day Mucli speculation as to our next
move Rations scarce but forage plenty
Wednesday Oct 20 Indication of rain
we prepare quarters accordingly Sher
man passes our camp it is hard to tell what
he is going to do with us
Thursday Oct 27 The Fourth Corps
leaves in the direction of Chattanooga
Still taking our board out of the Con
federacy the boys are parching com by
rail fires to night
Rome Ga Oct 30
We have been alt the past week at Gayles
ville and the whole army rested after hav
ing driven tlie rebels out of hearing Wo
are employed in eating out the country and
well do we do it Everything for 20 miles
around in the eatable lino is taken by our
foragers
The weather is the finest of Indian Sum
mer and we enjoy our life in the woods and
open air There are no rebs to fight no
duty to do only to forage like so many
hunters At night we crowd around
bright fires roast sweet potatoes and
chickens and talk over events of the past
present or what the future has in store for
us Last Friday at noon we received
orders to move and we were glad of it as
we wanted to get to a railroad ancT get the
mail and newspapers We took the road
to Rome traveled until dark went into
camp and illuminated the horizon with
bright rail fires and arrived here next day
All houses about Homo are deserted and
half torn down It is hazy Indian Summer
weather aud one ought to feel happy but
is melancholy to bo here Everywhere
about is desolation and destruction and I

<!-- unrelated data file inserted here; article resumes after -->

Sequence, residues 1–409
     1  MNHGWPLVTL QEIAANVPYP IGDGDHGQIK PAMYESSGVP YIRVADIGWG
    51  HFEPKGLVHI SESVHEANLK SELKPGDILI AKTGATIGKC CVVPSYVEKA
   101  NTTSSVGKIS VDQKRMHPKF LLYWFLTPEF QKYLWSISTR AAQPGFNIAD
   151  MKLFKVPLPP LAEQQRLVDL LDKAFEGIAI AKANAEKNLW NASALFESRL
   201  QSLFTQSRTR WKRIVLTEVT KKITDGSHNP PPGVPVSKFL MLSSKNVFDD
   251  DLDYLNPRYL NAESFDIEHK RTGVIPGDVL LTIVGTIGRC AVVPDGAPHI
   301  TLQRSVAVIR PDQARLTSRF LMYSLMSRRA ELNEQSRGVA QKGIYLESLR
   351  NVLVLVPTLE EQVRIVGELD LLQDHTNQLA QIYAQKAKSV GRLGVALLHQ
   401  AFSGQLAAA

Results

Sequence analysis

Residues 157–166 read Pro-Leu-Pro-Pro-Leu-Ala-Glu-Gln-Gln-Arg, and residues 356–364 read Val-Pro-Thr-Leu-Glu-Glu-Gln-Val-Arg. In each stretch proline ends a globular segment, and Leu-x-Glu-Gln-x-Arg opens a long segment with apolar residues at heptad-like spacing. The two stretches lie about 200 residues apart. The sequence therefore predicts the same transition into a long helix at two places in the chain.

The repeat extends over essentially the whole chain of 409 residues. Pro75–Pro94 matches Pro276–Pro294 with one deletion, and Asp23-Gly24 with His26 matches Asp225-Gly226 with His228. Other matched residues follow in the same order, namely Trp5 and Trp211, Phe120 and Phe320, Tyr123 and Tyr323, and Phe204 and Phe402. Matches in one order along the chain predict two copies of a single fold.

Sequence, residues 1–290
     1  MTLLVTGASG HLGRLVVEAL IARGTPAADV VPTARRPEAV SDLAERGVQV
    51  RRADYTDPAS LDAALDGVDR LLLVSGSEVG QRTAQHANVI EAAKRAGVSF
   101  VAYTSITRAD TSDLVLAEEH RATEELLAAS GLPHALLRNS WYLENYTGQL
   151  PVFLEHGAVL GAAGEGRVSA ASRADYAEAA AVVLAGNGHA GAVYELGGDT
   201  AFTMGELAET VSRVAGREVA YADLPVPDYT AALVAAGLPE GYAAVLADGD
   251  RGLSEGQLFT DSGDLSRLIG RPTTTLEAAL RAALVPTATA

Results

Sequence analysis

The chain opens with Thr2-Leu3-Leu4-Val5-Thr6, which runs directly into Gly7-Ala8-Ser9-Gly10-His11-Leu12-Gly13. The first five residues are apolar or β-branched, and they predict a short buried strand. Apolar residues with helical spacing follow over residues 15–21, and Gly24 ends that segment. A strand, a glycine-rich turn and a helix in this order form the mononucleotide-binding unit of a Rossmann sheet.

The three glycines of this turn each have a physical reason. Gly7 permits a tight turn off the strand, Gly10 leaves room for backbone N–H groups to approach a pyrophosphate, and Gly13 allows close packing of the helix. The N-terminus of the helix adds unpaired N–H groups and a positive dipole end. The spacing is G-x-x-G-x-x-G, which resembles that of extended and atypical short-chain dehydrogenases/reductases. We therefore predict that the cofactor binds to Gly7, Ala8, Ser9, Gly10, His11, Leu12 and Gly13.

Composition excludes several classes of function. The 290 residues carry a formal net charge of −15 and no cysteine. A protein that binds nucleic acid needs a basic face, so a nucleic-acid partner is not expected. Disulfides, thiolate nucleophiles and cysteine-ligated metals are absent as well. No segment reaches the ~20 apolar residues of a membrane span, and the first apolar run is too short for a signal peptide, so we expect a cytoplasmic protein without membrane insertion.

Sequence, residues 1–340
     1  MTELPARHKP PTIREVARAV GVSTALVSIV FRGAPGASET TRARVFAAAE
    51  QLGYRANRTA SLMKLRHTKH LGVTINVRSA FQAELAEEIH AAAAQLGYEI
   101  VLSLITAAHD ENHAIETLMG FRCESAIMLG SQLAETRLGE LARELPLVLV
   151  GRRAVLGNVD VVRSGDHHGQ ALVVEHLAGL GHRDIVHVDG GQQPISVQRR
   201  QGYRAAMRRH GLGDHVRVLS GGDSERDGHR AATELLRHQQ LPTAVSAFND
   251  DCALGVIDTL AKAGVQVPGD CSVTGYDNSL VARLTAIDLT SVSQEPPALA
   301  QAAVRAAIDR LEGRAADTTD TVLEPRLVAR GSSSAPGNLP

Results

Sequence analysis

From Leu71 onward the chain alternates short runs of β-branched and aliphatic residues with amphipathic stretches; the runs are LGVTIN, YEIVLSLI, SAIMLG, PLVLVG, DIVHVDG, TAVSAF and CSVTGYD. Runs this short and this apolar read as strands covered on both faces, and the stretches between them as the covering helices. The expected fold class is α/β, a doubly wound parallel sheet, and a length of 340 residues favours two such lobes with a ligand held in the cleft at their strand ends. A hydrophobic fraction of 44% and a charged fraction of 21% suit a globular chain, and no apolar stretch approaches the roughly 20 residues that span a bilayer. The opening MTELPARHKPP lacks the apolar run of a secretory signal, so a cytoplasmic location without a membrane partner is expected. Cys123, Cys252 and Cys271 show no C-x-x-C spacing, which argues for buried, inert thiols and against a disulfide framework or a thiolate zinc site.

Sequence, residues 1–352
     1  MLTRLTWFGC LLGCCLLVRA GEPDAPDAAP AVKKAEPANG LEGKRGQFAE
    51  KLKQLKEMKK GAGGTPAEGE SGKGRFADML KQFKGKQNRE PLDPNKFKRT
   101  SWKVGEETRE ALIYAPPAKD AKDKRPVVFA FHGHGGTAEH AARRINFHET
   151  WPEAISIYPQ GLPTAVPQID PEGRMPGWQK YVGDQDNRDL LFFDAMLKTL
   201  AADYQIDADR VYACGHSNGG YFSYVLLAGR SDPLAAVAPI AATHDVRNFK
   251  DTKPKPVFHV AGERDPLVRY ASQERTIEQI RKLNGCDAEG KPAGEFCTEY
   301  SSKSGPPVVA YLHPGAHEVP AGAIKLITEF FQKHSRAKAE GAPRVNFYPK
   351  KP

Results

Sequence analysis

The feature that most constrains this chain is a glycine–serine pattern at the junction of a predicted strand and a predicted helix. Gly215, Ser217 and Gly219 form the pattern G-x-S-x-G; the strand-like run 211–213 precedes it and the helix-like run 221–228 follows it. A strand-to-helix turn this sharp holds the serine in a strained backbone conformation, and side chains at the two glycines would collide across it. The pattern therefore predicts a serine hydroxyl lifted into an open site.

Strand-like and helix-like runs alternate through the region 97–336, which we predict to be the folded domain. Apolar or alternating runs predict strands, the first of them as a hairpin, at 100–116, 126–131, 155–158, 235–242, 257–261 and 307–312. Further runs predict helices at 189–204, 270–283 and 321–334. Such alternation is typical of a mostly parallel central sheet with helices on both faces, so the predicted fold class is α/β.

am tired of such scenes Where will next
Sunday find us We have spent the last
six in Atlanta Huntsville Florence Chatta
nooga Gaylesville and now at Rome
KINGSTON GA Xov 2 1SG4
lamina warm room where there is a stovo
full of burning wood feel comfortable and
congratulate myself as it is a chilly night
out of doors To give you the situation
will go back to when I left off writing at
Rome We lay all day Monday at Rome
doing nothing Whisky was abundant
and almost everyone was affected with it
Bands were in the streets serenading Gen
erals and music resounded on every side
Streets were filled with squads of men
many were intoxicated and noisy in fact
they made Rome howl I never saw
such a time among soldiers or knew whisky
to lie so plenty and it seemed as though it
was a general spree all around Rumors
alloat were wild and demoralizing Rome
was to lie evacuated and burnt the people
were scared and moving and did not know
what to do We knew wo were to go some
where but could only guess in what direc
tion
In the morning we started and camo
down here to Kingston on tho railroad
It is 15 miles from Home a ml wc arrived at
2 oclock yesterday and the Paymasters
havo been busy among us To day has
been one of rumors AVe learn there is a
big move 011 hand Sherman says so
and at Gaylesville he said he had in con
templation a raid that was to be a raid and
he was busy getting ready for it Pay
masters wero ordered from Nashville to pay
our troops now or never What Sher
mans big raid is we cant exactly figuro
out and tho fact that we are to go is from
the Fourteenth Corjis being ordered to go to
Atlanta and wc suppose then to get
ready
Our corps and the Twentieth is to start
from Atlanta and the Army of the Tennes
see Fifteenth and Seventeenth from
Marietta and unite with us at somo point
fgjji